Ryan Coogler came storming out of the gate with “Creed,” a spiritual sequel to “Rocky” that was so good, it stood side by side comfortably with the original “Rocky.” As all things in Hollywood, despite Stallone’s attempted justification for re-visiting old story lines, “Creed” made money, so we have “Creed II.” I mean, there is room here for the writers to explore the whole dynamic between Adonis confronting the man who murdered his father, but much of that is sidestepped in favor of usual “Rocky” movie tropes, boiling down to a sequel that’s pretty damn—erm, okay. It’s not a bad movie, but it’s not “Creed.”
It’s not even “Rocky II.”
Still affected from the fateful 1985 match with Rocky Balboa, an aged Ivan Drago has trained his son Viktor to become a powerful boxer in Russia. Anxious to reclaim his legacy, respect, and so much more, he travels to America to challenge Adonis Creed for the championship belt. Despite Rocky’s insistence that Adonis dismiss the challenge altogether, Adonis takes on the very dangerous Viktor in the ring. With brand new developments in his life including an impending marriage, and his first child, Adonis has to figure out if he wants to confront this demon from the past, as well as why the challenge has slowly become an obsession for him.
With “Rocky Balboa” and “Creed,” we had a two act story that gave us the needed epilogue to Rocky Balboa’s tale, and the encapsulation of Apollo’s son’s journey to fulfill his dad’s legacy. We pretty much know all that we needed to know in “Creed” thus “Creed II” can never get around the fact that it’s a sequel because the first movie was such a huge hit. That’s about that. “Creed II” has so much going for it, but in the end it doesn’t really offer up anything new, save for the compelling themes about fathers and fatherhood. A lot of the best characters from the original are all reserved to side characters, while Adonis almost has nowhere to go. When we left him in “Creed” he made peace with his dad’s spirit, and found his place as a boxer. When we see him here, he’s a championship boxer and a wealthy one at that.
When Ivan Drago comes knocking at his door demanding a bout with his son Viktor, there isn’t much justification for Adonis to step in the ring. Much of Adonis’ own motives for wanting to fight Viktor are based mostly around his stupid pride, which makes him shockingly less empathetic than Viktor, throughout the movie. Rocky asks him why he wants to fight, and Adonis never actually answers the question. Even when he has his ego shattered mid-way, there’s never a lot of clarification why this fight is so important. Meanwhile, everyone else are relatively ignored, including Stallone whose role as Rocky is decreased. “Creed II” is basically Rocky’s exit from the whole series, most likely. At the very least he’ll probably appear in “Creed III” for two short scenes and that’s about it. That said, the big draw here is the return of Ivan Drago, and for what limited scenes Dolph Lundgren is given, he does well.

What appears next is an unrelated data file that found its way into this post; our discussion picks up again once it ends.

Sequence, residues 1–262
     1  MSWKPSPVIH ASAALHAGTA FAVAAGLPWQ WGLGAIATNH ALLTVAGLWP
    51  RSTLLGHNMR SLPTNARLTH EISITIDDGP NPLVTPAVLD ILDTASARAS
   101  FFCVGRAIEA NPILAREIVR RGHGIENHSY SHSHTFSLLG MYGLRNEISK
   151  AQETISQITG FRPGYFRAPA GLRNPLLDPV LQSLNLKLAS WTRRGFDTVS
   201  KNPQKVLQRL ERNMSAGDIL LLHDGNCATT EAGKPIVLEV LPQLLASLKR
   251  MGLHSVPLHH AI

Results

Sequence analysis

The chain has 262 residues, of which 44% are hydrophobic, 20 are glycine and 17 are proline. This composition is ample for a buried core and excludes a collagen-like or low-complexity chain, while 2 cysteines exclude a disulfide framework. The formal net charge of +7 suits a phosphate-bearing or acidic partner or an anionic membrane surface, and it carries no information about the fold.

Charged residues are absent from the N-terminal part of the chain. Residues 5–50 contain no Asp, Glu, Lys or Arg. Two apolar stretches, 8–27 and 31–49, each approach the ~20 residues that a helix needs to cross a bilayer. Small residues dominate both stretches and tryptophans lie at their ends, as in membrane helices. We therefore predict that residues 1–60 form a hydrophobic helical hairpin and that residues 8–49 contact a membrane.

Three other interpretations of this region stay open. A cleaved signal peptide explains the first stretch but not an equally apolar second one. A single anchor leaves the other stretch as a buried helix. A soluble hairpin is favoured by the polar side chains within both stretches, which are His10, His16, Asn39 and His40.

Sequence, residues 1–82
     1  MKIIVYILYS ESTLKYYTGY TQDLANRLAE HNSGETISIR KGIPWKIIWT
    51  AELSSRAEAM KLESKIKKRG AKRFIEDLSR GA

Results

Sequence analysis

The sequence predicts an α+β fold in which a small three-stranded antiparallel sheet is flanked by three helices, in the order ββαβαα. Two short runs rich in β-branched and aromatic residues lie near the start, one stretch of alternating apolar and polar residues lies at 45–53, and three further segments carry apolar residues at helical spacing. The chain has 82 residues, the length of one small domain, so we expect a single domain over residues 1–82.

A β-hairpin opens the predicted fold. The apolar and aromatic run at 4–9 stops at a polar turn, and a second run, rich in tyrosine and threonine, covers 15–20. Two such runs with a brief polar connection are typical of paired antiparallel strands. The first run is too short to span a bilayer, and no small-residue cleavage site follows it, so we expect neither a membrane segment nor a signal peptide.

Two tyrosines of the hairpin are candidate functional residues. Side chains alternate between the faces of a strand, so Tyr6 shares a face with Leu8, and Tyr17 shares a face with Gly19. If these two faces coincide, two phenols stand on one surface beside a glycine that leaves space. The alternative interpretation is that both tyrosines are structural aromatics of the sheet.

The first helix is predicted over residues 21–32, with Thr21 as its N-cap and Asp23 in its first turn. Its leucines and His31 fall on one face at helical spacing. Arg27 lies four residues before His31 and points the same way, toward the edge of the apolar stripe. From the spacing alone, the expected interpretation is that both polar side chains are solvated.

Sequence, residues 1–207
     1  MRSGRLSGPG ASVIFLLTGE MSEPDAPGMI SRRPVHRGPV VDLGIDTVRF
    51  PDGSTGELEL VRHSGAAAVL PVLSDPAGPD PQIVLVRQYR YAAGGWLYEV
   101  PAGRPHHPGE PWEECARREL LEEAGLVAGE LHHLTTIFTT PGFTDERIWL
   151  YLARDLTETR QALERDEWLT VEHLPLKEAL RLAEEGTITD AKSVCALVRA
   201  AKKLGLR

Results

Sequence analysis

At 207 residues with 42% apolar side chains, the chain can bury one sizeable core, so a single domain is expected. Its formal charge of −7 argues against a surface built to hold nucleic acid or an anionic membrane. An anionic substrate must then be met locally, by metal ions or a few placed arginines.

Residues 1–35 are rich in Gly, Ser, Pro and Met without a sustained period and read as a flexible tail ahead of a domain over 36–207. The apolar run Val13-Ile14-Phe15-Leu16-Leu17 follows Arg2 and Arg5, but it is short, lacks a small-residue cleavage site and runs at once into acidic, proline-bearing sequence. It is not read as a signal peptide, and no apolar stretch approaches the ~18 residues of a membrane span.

Florian Munteanu also works well off of Lundgren as the conflicted Viktor. I loved the emphasis on the Drago relationship, and what personal motivation Ivan had for turning his own son in to a boxer. Oddly enough his own reason for challenging Adonis feels so much more justified and logical. At almost two and a half hours, “Creed II” could stand some trimming down, but it garners some fine direction, and fantastic boxing scenes. The final bout is especially teeth grinding, while the bout mid-way is absolutely soul crushing. Michael B. Jordan and Tessa Thompson are about as great as ever, presenting a excellent chemistry and a romantic tale that’s almost as engrossing as Rocky and Adrian’s. While “Creed II” isn’t great, it’s a solid entry in the “Rocky” anthology with pros thankfully outweighing the cons.
I could do without the planned “Creed III” though. Seriously, did any of Rocky’s old opponents ever have daughters? Or just decide against having children?
The new release from Warner Bros. comes with a DVD copy and a Digital copy. The Blu-Ray garners nine minutes of deleted and extended scenes including “Rocky’s Eulogy for Spider Rico”, “Max’s Cheesesteak Restaurant (Extended)”, “Rocky Trains Kids”, and “Locker Room”. “Fathers and Sons” is a seven minute look at the themes of “Creed II” about fathers and sons, and the idea of Adonis following his dad’s footsteps. There are interviews with cast and crew including director Stephen Caple Jr, actors Dolph Lundrgen, Sylvester Stallone, Michael B. Jordan, Florian Munteanu, Andre Ward, producer Irwin Winkler, Sugar Ray Leonard and more.
“Casting Viktor Drago” is a five minute look at the original casting of Florian Munteanu, who discusses his audition, meeting Stallone, his training, etc. “The Women of Creed II” is a five minute discussion with Phylicia Rashad and Tessa Thompson, both of whom discuss their characters, their emotional weight, and their importance to the story. Finally, “Rocky’s Legacy” is a fifteen minute exploration of Rocky with host Dolph Lundgren, featuring comments from cast and crew members, and an overview of most of the Rocky Films, the Creed films, production stories, and more. It’s a nice refresher course for fans.